Anesthetics have been studied for nearly fifty years as potential neuroprotective compounds in both perioperative and resuscitation
medicine. Although anesthetics present pharmacologic properties consistent with preservation of brain viability in the context of an
ischemic insult, no anesthetic has been proven efficacious for neuroprotection in humans. After such effort, it could be concluded that anesthetics
are simply not neuroprotective in humans. Moreover, pharmacologic neuroprotection with non-anesthetic drugs has also repeatedly
failed to be demonstrated in human acute brain injury. Recent focus has been on rectification of promising preclinical neuroprotection
data and subsequent failed clinical trials. This has led to consensus guidelines for the process of transferring purported therapeutics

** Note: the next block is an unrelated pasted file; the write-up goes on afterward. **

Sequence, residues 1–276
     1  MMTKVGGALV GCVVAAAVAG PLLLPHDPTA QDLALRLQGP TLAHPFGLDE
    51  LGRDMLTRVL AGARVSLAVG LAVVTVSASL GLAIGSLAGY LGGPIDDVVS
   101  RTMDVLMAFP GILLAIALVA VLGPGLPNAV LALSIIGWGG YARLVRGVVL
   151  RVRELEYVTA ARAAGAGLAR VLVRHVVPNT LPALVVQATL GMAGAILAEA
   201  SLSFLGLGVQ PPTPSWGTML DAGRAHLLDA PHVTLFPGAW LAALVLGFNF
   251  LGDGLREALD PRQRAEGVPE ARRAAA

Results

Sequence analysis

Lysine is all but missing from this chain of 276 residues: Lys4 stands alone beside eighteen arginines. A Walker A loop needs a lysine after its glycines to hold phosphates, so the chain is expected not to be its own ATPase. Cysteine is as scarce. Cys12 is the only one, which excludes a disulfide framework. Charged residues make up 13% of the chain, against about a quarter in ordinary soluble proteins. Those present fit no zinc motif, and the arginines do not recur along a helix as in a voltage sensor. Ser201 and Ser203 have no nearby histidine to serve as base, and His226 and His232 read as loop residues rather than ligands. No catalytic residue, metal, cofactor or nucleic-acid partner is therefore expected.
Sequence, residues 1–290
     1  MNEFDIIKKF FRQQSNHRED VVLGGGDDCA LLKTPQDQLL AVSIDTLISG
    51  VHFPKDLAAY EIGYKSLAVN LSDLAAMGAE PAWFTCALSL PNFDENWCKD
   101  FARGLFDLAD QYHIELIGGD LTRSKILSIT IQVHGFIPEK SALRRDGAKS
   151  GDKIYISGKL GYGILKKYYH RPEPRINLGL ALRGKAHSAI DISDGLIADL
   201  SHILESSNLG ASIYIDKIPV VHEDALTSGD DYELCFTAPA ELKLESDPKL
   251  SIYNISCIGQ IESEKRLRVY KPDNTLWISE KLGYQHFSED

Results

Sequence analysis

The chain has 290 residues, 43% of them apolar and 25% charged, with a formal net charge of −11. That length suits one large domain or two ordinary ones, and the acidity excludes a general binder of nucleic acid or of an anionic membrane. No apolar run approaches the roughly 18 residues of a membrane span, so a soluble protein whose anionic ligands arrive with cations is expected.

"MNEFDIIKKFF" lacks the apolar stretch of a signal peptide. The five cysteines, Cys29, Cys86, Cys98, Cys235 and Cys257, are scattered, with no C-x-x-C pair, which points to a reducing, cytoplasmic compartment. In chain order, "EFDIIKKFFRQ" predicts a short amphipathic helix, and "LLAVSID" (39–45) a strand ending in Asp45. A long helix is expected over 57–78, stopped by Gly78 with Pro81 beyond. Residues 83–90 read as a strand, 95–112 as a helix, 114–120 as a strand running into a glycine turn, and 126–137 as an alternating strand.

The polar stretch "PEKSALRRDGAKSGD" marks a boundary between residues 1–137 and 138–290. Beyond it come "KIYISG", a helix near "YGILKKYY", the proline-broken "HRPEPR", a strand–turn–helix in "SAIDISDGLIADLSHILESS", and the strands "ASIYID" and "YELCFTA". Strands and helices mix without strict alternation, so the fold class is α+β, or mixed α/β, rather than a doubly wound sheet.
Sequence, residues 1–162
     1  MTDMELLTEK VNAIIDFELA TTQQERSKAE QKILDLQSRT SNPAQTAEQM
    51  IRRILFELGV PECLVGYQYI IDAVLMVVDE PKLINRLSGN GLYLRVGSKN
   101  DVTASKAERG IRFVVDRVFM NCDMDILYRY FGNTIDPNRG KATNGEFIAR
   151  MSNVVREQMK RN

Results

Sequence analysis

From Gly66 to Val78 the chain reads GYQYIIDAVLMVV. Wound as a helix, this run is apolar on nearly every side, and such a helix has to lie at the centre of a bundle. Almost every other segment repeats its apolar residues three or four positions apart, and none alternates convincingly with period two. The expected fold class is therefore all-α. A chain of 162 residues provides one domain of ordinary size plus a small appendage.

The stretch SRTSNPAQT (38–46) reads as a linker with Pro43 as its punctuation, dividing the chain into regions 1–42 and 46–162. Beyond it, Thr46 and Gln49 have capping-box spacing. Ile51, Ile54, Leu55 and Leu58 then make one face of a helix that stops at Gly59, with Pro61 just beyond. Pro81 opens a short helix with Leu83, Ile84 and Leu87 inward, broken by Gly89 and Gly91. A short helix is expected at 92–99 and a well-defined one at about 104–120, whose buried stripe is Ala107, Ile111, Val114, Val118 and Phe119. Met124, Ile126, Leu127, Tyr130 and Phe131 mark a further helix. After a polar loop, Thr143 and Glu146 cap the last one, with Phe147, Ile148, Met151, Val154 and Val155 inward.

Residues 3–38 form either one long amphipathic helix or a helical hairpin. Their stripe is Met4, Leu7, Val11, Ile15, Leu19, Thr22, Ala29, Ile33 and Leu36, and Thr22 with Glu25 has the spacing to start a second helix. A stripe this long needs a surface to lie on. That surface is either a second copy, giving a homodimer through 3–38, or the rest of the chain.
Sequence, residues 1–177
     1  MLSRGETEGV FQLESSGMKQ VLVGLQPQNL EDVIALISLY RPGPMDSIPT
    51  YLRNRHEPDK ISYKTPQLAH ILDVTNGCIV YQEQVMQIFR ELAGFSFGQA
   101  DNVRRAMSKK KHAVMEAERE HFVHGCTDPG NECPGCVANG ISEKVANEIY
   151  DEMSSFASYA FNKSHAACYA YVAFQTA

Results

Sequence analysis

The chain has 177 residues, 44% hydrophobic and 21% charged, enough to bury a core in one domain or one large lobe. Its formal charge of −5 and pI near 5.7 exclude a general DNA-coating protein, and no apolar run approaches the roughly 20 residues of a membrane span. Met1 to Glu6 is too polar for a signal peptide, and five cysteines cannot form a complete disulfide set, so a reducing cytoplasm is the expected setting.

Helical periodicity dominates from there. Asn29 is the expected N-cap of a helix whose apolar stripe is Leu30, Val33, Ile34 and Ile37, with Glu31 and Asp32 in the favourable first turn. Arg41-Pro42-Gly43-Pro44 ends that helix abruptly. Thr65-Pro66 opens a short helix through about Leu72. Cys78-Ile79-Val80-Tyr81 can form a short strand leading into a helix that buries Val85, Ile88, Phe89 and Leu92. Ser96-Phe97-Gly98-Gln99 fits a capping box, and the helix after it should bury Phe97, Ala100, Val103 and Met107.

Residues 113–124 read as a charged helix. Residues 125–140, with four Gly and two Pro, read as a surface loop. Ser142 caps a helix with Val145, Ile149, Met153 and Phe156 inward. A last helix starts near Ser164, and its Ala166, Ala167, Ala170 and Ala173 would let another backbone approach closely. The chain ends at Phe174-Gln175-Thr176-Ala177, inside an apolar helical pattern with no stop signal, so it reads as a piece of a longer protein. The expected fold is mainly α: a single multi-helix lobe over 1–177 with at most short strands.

from bench to bedside. In this review we first examined the history of anesthetic neuroprotection research. Then, a systematic review was
performed to identify major clinical trials of anesthetic neuroprotection. Both the preclinical neuroprotection portfolio cited to justify a
clinical trial and the design and conduct of that clinical trial were evaluated using modern standards that include the Stroke Therapy Academic
Industry Roundtable (STAIR) and Consolidated Standards of Reporting Trials (CONSORT) guidelines. In publications intended to
define anesthetic neuroprotection, we found overall poor quality of both preclinical efficacy analysis portfolios and clinical trial designs
and conduct. Hence, using current translational research standards, it was not possible to conclude from existing data whether anesthetics
ameliorate perioperative ischemic brain injury. Incorporation of advances in translational neuroprotection research conduct may provide a
basis for more definitive and potentially successful clinical trials of anesthetics as neuroprotectants.
Keywords: Anesthetic, intravenous, volatile, brain, ischemia.
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